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Runaway GenresThe Global Afterlives of Slavery$
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Yogita Goyal

Print publication date: 2019

Print ISBN-13: 9781479829590

Published to NYU Press Scholarship Online: May 2020

DOI: 10.18574/nyu/9781479829590.001.0001

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PRINTED FROM NYU Press SCHOLARSHIP ONLINE (www.nyu.universitypressscholarship.com). (c) Copyright University of NYU Press Press, 2020. All Rights Reserved. An individual user may print out a PDF of a single chapter of a monograph in NYSO for personal use.date: 27 October 2020

Post-Black Satire

Post-Black Satire

Chapter:
(p.105) 3 Post-Black Satire
Source:
Runaway Genres
Author(s):

Yogita Goyal

Publisher:
NYU Press
DOI:10.18574/nyu/9781479829590.003.0004

This chapter collides the idiom of post-blackness with the dominant genre of the neo-slave narrative in contemporary African American literature. This distinct body of work—post-black neo-slave narratives—mines the historical scene of slavery in the mode of satire. Through absurd juxtapositions, surreal analogies, and farcical adventures, post-black satirists expose the contradictions of the insistence on the unending history of slavery amid declarations of a break from previous racial regimes. Viewing satire as the lens through which debates about race and postracialism articulate, the chapter explores how fictions by Paul Beatty and Mat Johnson combat the sentimental template of abolition and neo-abolition by refusing to collapse past and present. The chapter concludes with a look at what might be termed a post-black post-satire, as Colson Whitehead’s The Underground Railroad (2016) stretches time and space to transform the slave narrative into a flexible portal to practices of exploitation worldwide.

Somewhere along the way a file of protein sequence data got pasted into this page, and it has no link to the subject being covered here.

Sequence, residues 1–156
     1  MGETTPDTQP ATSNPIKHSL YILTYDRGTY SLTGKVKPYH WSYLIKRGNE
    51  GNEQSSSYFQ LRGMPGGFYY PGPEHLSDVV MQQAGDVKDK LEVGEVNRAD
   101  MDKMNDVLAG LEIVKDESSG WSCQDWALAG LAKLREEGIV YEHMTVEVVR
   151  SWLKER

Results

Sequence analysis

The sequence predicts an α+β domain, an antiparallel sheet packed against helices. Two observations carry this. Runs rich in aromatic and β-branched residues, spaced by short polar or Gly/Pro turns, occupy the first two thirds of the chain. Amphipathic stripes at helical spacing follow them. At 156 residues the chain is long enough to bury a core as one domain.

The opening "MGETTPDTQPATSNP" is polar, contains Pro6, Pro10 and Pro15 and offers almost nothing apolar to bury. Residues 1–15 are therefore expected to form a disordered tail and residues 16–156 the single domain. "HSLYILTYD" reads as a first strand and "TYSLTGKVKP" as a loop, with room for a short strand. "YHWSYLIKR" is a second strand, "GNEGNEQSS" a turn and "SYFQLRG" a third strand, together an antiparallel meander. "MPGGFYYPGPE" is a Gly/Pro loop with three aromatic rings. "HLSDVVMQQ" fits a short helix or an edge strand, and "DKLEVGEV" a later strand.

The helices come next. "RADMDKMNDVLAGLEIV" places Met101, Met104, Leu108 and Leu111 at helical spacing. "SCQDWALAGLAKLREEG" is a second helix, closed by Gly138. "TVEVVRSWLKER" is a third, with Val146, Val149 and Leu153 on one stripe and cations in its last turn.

Keywords:   satire, blackness, post-blackness, absurd, Mat Johnson, Paul Beatty, Colson Whitehead, Underground Railroad

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